The rudeness is not necessarily turned toward the [health worker] that was involved in that previous incident, and may be unrelated to the parent's infant or to the NICU or hospital. It can be some argument between the parents or in their larger family.

However, when it hits the physician or nurse out of the blue, they start thinking ‘What have I done wrong?’ This starts the process of rumination—thinking over and over ‘Why did I get this insult?,’ drains their cognitive resources and eventually can affect their ability to treat patients.

BLOOM: What were the main findings on rude parent behaviour?

Arik Riskin: Rudeness has robust, deleterious effects on the performance of medical teams.  Moreover, exposure to rudeness debilitated the [collaboration] recognized as essential for patient care and safety.

BLOOM: How does rudeness impair a medical team’s ability to provide good care?

Arik Riskin: Teams exposed to mild rudeness by the patient’s mother had diminished team performance with respect to outcome parameters relating to diagnosis and intervention, and process parameters including team information and workload sharing. These findings not only replicate our earlier findings demonstrating the [negative] effects of rudeness expressed by a senior colleague on individual medical performance, but extend them by demonstrating that similar effects are elicited by rudeness from other sources and are manifested at the team level.

In this study, we also demonstrated that these deleterious effects of rudeness are not restricted to individuals, but also to teams. This is important because—based on the assumption that teams can often overcome and compensate for individual performance limitations—medical work is increasingly structured around teams. Our findings demonstrate that when rudeness is present, the very collaborative processes that generally enable teams to outperform individuals may break down.

To the extent that rudeness impedes team helping and workload sharing, teams may not be able to deliver the heightened level of patient care that practitioners have come to expect from them.

BLOOM: Why was the computer game some teams played effective in reducing the negative effects of rudeness, while the writing exercise others did wasn’t?

Erik Raskin: Prior to the simulation, teams in the preventative cognitive-bias modification intervention engaged in a 20-minute computer game in which they looked at a series of morphing faces, were asked to move a cursor to indicate whether the emotion was more of anger or pleasure, and then received immediate feedback on their choice.

During this game, the computer determined the participant’s threshold to threat—that is, the angry faces—and then gave them feedback designed to raise this threshold and ‘immunize’ them from devoting substantial attention to minor threats.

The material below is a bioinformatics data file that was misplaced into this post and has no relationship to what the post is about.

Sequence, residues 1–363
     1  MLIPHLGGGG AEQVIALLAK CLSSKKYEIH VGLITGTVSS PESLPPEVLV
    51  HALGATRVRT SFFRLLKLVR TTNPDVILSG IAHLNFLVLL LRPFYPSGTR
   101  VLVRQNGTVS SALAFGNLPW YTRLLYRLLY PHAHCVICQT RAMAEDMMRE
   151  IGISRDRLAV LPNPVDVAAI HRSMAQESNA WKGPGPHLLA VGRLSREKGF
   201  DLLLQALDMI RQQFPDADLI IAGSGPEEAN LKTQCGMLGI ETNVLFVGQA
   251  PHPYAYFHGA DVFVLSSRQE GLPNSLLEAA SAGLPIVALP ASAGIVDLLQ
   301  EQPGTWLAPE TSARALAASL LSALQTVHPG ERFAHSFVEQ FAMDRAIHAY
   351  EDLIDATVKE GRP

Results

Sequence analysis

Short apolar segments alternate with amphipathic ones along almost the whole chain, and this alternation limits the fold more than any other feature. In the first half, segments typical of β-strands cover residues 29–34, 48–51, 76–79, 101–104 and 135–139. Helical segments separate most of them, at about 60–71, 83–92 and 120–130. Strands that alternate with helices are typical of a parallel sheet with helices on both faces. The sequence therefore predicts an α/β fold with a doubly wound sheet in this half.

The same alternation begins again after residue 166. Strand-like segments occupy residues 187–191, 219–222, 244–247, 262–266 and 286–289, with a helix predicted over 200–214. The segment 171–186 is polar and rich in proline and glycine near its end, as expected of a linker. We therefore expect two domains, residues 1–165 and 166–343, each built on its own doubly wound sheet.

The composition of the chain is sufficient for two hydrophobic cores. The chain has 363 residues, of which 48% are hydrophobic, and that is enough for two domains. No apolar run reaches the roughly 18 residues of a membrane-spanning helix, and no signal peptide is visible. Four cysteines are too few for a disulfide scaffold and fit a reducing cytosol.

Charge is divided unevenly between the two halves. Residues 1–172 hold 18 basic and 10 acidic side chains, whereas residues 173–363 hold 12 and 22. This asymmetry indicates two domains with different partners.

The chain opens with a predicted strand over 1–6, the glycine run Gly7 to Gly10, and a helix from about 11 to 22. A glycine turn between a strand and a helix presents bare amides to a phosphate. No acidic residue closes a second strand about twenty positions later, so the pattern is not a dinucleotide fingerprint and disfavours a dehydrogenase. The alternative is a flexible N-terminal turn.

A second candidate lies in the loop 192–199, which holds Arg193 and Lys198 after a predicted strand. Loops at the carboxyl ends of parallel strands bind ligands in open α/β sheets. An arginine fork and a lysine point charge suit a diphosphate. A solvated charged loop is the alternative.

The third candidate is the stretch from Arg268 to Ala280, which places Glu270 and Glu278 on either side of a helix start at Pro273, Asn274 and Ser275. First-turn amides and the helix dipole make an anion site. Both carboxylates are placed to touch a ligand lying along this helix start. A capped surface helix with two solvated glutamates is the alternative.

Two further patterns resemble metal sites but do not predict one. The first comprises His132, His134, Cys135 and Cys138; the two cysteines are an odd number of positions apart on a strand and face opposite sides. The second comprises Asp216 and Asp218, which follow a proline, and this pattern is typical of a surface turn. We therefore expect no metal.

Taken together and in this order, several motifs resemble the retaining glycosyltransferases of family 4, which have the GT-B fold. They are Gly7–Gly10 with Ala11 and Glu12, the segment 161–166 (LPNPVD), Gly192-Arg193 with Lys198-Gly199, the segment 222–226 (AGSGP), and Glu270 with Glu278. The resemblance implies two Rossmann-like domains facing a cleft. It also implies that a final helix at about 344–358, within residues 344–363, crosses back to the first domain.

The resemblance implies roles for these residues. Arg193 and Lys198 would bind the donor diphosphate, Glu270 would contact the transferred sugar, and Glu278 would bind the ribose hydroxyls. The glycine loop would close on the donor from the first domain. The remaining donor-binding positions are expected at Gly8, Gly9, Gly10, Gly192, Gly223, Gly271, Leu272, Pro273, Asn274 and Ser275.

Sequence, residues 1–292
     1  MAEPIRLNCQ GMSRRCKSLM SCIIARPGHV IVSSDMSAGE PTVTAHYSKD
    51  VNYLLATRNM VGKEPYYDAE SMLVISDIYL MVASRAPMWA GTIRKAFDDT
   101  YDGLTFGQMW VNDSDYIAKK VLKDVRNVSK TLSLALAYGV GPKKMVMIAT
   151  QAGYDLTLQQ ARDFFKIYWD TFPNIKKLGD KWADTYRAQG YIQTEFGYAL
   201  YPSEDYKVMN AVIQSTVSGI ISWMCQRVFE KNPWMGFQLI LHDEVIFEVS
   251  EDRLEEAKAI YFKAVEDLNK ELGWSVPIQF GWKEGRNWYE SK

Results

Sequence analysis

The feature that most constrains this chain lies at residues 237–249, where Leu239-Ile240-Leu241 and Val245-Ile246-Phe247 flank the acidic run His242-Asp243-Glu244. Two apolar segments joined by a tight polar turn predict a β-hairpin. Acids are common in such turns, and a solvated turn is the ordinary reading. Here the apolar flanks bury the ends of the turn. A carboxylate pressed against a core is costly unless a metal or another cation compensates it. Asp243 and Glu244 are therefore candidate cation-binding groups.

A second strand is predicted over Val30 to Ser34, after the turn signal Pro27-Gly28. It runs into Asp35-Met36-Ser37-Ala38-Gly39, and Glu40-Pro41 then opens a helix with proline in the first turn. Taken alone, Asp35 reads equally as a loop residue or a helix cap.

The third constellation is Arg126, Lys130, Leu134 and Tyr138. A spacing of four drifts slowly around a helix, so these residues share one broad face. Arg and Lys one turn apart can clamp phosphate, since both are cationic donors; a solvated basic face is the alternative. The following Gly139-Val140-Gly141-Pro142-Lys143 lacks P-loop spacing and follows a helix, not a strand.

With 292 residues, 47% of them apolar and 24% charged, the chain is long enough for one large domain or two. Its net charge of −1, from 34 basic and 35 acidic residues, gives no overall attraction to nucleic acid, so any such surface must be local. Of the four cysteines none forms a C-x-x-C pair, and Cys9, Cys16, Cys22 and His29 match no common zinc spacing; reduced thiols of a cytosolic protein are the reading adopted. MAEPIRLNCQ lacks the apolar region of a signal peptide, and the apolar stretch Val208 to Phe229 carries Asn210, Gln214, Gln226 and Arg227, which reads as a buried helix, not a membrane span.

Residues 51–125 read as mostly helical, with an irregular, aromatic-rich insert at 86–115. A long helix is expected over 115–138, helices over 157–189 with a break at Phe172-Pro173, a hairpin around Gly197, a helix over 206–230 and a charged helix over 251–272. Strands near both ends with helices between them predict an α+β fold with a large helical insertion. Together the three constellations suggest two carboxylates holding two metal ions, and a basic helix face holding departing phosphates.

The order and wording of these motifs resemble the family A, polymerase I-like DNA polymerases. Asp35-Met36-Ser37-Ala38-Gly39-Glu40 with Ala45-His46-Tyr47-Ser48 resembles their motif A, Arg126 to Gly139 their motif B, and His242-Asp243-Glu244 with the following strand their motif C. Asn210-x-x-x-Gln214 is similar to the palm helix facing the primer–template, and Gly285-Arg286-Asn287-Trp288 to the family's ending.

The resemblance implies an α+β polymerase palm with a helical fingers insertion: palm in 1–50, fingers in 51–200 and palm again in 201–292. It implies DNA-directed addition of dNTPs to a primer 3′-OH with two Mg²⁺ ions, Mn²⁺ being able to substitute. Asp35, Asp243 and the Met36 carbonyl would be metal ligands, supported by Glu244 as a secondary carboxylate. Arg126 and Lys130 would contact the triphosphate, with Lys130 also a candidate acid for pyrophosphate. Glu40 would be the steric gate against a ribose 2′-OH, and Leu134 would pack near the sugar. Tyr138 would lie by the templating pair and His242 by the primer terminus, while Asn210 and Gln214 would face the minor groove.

Examination of the manipulation checks showed that those in the computer intervention viewed the mother as ruder than those who experienced the rude comments with no intervention.

As designed, the computer intervention ‘immunized’ participants’ medical and therapeutic performance and teamwork by shifting their attention away from the implicit threat posed by the mother, likely preserving cognitive resources for the tasks at hand. The computer intervention operated not so much by mitigating the appraisal of rudeness, but by making team members more resilient to it.

The teams who did the writing exercise worked on the simulation with rudeness first, and then went to a debriefing room where they were asked to write a paragraph or two about how they thought the mother of the infant felt when it seemed to her that the team was unsuccessful in treating the baby.

By the end of the day, those in the narrative group did not view the mother as ruder than controls. These results suggest that while writing about the experience from the mother’s perspective facilitated participants’ positive reappraisal of her rude behaviour, it failed to help them overcome the cognitive disruption caused by it.

BLOOM: Is there a danger in making health workers less emotionally responsive to families?

Erik Raskin: As mentioned in my answer above, the computer game didn’t make health workers less emotionally responsive. On the contrary, it just ‘immunized’ them, thus changing their focus and less disturbing them in their work.